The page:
Sunday, October 16, 2011

Fort Knox and Penobscot River

The day after we went to the Fryeberg Fair we went to visit Fort Knox near Bucksport, Maine.  It was pouring rain intermittently that day so it was a pretty damp visit!

View of Bucksport from above one of the cannon placements.

Bucksport, Maine

Cannon placements on the wall facing the Pencobscot River.   
#1 son looking at one of the cannon ports from the outside that shows the metal doors being partially shut.  Each port was designed to have a metal door shut between shots to the 'rammer' could ram the ball in place and not be shot by a sniper.

#1 Son looking at a cannon from inside the cannon placements on the wall.  The cannon could swing on the metal plates on the floor to aim it.  After firing, it was slid back on the base,  and a man had to ram in the powder and the cannon ball from in front of the cannon.  After loading, the metal plates were opened again, the cannon slid forward through the port and re-aimed, and then fired. 
Parade ground inside the fort.

Each arch had a room, the cannon rooms were the largest arches.  This was room about the size of the enlisted men's barracks.  The officer's each had a separate room this size with a fireplace.  The enlisted men had no fireplaces.  Apparently they did not deserve the luxury of heat.

Fort Knox Amory.  Today it serves as the Visitor Center.

Civil War era ambulance.  I cannot imagine the agony of having to lay in this thing and be transported while wounded.  I'm sure more than one probably begged to be left to die.

Entrance into the Fort from the outside

Please take a close look at the ceiling of the arch in this photo and note it is made of brick.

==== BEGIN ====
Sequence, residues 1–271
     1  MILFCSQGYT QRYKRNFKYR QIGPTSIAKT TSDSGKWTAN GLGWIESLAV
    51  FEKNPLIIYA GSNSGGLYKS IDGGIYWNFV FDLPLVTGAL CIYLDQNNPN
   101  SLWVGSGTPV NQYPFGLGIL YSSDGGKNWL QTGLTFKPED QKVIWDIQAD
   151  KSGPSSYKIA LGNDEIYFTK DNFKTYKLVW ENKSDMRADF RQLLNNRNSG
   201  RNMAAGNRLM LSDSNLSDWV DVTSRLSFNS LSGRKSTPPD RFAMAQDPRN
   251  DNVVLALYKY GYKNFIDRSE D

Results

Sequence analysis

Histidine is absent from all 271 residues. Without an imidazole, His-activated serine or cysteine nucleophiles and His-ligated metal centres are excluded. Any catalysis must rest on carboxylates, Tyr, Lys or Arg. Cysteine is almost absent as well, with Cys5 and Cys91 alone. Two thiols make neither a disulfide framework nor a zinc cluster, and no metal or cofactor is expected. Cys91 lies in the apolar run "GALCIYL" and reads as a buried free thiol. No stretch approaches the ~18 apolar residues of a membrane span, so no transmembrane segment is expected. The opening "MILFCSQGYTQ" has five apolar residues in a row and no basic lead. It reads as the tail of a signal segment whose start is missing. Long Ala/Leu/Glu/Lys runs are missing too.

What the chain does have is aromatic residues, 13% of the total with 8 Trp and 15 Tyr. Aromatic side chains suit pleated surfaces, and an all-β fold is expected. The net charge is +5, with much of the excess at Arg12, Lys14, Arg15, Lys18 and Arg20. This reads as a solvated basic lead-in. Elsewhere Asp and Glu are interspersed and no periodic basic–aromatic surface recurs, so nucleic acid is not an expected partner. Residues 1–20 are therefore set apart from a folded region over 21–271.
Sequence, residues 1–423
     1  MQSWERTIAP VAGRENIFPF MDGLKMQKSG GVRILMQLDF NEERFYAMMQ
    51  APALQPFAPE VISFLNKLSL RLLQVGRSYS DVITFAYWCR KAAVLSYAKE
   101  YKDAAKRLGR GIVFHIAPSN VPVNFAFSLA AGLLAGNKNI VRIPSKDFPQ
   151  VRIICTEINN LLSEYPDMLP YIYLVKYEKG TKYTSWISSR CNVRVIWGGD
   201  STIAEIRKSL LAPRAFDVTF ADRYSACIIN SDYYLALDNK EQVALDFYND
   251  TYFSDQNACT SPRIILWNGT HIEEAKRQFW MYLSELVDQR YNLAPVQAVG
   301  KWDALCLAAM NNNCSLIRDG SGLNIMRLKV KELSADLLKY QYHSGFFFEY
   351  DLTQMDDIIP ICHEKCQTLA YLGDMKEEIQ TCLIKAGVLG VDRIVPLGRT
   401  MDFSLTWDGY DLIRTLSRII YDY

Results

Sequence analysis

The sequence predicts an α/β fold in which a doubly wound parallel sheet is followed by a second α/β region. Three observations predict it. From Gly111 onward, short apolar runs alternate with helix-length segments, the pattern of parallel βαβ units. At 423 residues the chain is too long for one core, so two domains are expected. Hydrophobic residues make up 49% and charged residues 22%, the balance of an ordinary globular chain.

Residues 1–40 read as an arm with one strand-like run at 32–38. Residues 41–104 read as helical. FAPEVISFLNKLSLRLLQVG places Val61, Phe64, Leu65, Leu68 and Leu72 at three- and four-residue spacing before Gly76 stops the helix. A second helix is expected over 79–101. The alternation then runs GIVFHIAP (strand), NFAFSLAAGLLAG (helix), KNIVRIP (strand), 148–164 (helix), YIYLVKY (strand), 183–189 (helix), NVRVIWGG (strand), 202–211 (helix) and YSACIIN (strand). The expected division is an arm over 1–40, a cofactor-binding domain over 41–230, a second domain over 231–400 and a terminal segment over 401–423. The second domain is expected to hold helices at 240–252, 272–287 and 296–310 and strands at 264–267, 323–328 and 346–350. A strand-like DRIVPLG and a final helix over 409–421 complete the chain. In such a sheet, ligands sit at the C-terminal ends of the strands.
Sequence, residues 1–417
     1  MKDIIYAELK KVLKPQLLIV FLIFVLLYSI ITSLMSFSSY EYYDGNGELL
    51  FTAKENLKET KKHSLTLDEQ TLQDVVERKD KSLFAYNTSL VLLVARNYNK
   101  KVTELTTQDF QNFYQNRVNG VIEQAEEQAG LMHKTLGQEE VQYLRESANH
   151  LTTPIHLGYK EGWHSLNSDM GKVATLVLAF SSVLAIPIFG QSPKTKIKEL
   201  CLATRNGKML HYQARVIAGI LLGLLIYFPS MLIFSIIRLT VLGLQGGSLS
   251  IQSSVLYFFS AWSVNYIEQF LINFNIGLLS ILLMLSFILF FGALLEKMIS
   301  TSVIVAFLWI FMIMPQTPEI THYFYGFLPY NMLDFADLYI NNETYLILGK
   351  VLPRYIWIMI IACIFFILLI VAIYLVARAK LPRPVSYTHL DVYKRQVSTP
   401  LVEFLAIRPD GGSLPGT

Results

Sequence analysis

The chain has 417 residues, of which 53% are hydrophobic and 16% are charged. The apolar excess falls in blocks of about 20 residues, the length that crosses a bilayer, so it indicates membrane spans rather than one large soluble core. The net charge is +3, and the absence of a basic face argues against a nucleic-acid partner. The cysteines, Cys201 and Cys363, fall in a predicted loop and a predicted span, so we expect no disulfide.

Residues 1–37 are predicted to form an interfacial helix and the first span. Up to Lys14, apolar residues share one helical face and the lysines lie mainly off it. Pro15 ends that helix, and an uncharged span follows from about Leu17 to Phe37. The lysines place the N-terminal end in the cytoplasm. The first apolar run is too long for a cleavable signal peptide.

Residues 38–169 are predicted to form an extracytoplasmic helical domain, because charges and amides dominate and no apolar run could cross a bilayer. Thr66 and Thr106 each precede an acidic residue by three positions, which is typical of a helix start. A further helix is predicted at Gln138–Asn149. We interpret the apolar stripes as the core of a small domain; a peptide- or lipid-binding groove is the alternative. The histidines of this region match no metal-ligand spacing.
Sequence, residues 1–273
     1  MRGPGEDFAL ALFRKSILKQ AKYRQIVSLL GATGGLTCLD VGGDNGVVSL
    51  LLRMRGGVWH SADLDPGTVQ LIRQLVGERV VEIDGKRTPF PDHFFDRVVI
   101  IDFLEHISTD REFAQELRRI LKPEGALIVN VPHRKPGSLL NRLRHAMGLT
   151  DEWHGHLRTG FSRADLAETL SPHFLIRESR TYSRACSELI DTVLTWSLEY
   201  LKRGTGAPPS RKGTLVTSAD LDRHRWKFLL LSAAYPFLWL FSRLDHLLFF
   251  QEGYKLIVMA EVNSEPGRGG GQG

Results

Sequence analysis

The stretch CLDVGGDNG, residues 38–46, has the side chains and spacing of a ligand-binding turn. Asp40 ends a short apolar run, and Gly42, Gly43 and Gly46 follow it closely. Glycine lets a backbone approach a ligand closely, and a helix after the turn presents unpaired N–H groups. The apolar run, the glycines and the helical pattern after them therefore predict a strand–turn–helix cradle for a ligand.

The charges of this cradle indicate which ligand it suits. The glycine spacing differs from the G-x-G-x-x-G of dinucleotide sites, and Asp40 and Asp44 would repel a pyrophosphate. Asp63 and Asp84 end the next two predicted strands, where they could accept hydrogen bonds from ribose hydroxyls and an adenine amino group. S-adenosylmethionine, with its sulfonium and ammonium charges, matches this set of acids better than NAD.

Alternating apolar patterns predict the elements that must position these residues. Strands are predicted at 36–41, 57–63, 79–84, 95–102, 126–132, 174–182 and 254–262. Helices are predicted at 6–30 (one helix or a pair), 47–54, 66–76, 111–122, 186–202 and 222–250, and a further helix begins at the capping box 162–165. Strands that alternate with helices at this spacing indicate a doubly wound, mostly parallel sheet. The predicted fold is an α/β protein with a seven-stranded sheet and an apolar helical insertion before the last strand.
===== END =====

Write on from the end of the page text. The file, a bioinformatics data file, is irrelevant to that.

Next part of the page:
Fort Knox (HERE to read more) was built in 1844 to protect the Penobscot River Narrows.  Bucksport had been previously occupied by the British twice.  Once during the Revolutionary War and again during the War of 1812.  It was one of several built during this time period, all built from the same plans in a pentagon shape.  They were known as the Third System Forts.  By the time they were built, they were obsolete as by 1861 they had developed cannons powerful enough to break through the masonry arches that served as the 'roof' for the fort.  Remember the roof I wanted you to note?

Fort Sumpter in North Carolina was a Third System Fort.  That means during the bombardment that began the Civil War, those men were being exposed to cannon fire raining down on their positions and in their living quarters.  I find it amazing they managed to hold out for several days before surrendering the fort.

Fort Knox has never fired a shot but I don't believe the British ever wanted it again. :)   It was interesting to visit and I'm glad we got to see it.


  1. I am an admitted history fanatic. Nothing makes me happier than walking old forts, battlefields and old cemetaries. We were in Charleston this week and still did not get over to Fort Sumter. It's still on our list of things to do for next time. I agree that Civil War medicene was pretty scarey.

  2. Interesting post, kid. The various parts of our great nation are so different one from another. Glad you got to see the pull. I saw a Malamute pull one time, but I've never seen a horse or oxen pull.

  3. I am a history Fanatic also Boomer! I've visited almost every fort in Wyoming (and we have quite a few). Rebecca you made my day calling me 'kid'! LOL -- at the end of the Maine photos I will post more on the oxen pulling and how they train them. The DIL has trained oxen for 4-H in Maine and it's very interesting.